We laughingly call it The 12 Year Plan. That’s even the name of my blog. You see, my husband and I switched roles so he could go back to school. His dream is to become a doctor, and we are now 5 years into that 12 year plan. We’re by no means ahead of the curve – we are much older than most of the other med students, and we have 2 kids. People always get that look when we talk about medical school. I know what they’re thinking – “Oh they’re going to have it MADE”. Well, I certainly don’t think that’s the case, but we hope that eventually this very long road will mean that there’s enough to pay off our student loans, send our children to a state college, and save for retirement – with no room to breathe between any of it.
I currently work part-time from home and care for our two young children. When we moved to Iowa for medical school, I was able to keep my job but had to transition from full-time to part-time. I was also able to keep some of my benefits - meaning we now pay more than $600 a month for health insurance. I still feel lucky to have both my job and health insurance. We now live partially on student loans and partially on my salary. After I made the transition 18 months ago, my bosses made it clear that I shouldn’t consider this a permanent solution. My company is coming up on the end of another fiscal year and I am preparing for the worst. We’re already understaffed, and I do the work of two people, but I know that ‘part-time with benefits’ means I am the most expendable person.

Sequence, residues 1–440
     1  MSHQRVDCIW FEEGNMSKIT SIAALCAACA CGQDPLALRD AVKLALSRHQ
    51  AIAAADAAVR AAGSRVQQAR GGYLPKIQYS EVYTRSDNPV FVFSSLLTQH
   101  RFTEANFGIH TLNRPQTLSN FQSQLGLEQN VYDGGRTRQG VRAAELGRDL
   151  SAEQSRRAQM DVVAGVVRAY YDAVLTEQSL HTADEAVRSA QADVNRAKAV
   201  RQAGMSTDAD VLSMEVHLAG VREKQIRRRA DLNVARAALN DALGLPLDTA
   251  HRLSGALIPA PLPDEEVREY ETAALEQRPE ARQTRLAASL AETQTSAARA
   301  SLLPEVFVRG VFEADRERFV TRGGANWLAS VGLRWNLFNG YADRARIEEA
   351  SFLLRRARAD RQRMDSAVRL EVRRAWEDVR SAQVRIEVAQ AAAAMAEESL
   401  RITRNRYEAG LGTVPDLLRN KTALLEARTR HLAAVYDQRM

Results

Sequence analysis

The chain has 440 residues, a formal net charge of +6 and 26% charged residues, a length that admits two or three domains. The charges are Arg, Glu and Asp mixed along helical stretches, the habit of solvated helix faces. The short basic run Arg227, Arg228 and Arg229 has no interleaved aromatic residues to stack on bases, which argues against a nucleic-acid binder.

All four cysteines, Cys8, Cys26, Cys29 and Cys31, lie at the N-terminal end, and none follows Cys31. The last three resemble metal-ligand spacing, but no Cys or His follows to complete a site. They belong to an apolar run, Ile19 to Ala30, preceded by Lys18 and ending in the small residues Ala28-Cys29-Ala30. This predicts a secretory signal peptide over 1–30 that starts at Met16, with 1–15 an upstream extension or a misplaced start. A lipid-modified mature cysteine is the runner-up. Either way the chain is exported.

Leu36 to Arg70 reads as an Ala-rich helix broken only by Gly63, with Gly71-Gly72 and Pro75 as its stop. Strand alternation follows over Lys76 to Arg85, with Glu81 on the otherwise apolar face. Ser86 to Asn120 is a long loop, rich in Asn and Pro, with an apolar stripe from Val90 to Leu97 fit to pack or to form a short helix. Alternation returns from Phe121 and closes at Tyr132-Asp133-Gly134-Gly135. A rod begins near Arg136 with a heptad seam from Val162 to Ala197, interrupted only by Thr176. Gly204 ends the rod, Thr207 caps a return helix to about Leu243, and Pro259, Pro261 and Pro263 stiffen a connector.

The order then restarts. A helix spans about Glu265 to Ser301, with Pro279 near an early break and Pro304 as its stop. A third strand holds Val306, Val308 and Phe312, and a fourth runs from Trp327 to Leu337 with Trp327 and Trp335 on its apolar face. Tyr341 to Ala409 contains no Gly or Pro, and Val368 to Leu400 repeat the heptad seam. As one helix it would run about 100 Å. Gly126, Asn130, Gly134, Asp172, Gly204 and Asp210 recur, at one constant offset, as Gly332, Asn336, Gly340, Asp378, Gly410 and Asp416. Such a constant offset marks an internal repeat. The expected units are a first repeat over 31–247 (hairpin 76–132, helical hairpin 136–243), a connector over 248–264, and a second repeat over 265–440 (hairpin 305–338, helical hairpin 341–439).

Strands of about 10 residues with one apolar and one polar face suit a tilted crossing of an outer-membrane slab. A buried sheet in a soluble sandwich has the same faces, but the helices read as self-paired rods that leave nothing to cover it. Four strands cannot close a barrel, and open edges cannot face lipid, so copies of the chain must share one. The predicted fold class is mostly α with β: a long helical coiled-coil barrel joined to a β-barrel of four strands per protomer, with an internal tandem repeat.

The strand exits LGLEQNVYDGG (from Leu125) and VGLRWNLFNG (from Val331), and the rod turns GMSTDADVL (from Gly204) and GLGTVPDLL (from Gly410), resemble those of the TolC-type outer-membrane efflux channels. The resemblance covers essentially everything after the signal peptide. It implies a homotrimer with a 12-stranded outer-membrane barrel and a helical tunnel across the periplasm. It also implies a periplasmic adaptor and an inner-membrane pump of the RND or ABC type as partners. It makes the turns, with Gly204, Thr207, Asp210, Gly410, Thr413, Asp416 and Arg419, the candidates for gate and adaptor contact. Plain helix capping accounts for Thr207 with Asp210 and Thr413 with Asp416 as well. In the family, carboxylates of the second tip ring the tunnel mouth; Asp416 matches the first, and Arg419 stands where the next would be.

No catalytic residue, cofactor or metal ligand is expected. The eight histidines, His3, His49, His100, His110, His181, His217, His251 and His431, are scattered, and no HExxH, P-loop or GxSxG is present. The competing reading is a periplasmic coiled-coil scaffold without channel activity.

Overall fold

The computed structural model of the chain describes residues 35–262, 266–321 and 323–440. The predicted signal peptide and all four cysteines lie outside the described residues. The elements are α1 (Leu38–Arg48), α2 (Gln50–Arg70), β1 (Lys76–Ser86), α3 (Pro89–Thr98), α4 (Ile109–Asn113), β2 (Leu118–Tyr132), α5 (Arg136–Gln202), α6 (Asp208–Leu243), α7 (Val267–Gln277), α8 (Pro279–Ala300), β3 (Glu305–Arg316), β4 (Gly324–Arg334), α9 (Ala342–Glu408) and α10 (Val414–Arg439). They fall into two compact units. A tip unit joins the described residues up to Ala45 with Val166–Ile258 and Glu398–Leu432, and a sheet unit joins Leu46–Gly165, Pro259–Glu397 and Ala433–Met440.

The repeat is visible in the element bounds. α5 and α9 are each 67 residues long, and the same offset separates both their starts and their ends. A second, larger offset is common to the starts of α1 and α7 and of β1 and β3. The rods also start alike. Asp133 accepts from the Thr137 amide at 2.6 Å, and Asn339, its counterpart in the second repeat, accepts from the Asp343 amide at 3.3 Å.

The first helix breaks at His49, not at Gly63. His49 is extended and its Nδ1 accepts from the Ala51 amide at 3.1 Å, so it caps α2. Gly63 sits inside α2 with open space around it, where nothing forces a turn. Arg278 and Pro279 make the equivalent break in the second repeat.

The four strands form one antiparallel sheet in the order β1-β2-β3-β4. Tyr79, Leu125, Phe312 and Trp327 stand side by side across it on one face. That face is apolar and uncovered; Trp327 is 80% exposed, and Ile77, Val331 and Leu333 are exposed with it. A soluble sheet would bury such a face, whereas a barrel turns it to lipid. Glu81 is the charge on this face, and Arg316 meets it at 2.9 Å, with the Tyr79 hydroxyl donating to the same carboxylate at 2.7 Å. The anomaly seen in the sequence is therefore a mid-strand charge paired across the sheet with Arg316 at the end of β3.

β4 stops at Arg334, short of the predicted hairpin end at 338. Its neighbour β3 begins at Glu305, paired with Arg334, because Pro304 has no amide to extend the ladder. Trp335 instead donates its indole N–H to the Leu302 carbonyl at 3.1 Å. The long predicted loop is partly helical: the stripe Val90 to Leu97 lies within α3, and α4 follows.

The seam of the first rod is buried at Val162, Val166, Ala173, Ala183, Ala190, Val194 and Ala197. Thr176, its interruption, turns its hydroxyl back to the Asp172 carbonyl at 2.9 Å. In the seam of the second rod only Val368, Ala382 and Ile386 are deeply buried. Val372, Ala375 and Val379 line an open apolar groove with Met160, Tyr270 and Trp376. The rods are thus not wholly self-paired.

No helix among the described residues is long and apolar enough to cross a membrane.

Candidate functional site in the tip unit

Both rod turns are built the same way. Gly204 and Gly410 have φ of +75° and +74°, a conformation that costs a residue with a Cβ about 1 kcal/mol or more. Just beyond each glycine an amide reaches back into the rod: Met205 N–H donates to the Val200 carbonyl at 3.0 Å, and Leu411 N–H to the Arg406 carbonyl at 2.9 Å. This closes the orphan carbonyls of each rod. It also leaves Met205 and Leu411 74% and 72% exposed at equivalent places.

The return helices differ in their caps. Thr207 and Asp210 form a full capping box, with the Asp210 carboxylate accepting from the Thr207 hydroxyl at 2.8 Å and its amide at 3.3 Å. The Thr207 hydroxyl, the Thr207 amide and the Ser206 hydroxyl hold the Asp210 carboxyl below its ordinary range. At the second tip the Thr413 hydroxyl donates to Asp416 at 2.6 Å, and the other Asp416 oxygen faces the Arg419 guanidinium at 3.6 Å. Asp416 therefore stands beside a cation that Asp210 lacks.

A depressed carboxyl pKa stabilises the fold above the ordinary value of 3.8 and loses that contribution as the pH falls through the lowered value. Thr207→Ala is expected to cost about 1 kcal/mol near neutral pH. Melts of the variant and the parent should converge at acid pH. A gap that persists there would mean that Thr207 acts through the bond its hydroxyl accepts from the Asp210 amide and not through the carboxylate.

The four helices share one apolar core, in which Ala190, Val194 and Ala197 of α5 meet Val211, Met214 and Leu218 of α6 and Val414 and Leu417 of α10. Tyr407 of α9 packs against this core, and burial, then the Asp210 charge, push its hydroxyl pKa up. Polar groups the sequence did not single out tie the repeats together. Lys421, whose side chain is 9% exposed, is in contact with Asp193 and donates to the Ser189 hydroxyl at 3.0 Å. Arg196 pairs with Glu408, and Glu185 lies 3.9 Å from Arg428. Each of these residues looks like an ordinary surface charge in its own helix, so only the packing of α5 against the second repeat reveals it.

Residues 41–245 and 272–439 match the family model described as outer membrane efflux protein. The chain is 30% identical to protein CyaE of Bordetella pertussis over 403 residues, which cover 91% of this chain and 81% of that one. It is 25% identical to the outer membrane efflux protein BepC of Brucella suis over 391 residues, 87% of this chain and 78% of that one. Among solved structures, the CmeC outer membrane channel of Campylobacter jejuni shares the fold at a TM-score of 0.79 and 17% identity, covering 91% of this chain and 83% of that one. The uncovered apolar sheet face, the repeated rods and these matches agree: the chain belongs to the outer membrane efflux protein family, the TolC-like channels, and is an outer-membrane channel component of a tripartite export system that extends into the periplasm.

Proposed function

We have some money in savings, and have worked hard to pay off our credit cards and other debts. As a student family, we do what everyone else is doing – shop with coupons, buy clothes & shoes only on final clearance, and drive less.
If the axe falls, I probably won’t look for another job. My husband starts his rotations in August, and his schedule will be completely inconsistent for the next 5 years. I also don’t see the financial sense in trying to get a full-time job so that I can pay $1,000+ a month to put our kids in daycare. This means we will rely completely on student loans, which will give us an income of about $20,000/ year. I know it’s not much, but hopefully it will keep a roof over our heads and some food on the table. This is more than a lot of people have right now, and I feel blessed for it. Our families are very supportive of us and we know that if we had to, my kids and I could move cross-country to live with them while my husband does his rotations. It is a scary time, but I know we will be OK. This too shall pass.
West Des Moines, IA